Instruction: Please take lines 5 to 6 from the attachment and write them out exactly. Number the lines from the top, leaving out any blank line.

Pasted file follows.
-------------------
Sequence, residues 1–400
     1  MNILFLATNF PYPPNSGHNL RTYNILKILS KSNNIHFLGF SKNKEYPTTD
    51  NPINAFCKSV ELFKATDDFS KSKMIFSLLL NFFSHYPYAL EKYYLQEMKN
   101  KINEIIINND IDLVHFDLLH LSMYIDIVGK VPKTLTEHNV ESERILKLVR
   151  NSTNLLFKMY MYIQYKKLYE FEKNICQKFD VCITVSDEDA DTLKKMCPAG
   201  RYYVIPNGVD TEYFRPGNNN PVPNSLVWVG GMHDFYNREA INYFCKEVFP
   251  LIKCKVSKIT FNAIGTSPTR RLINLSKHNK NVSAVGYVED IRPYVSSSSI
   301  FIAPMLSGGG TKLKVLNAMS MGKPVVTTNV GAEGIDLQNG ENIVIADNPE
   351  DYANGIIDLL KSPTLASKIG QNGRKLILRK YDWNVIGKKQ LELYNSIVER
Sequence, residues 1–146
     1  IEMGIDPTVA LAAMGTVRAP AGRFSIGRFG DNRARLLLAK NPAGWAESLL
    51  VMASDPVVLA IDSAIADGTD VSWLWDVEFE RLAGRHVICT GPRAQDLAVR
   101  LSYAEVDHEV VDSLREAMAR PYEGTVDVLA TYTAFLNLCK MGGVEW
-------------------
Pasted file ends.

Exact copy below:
   151  NSTNLLFKMY MYIQYKKLYE FEKNICQKFD VCITVSDEDA DTLKKMCPAG
   201  RYYVIPNGVD TEYFRPGNNN PVPNSLVWVG GMHDFYNREA INYFCKEVFP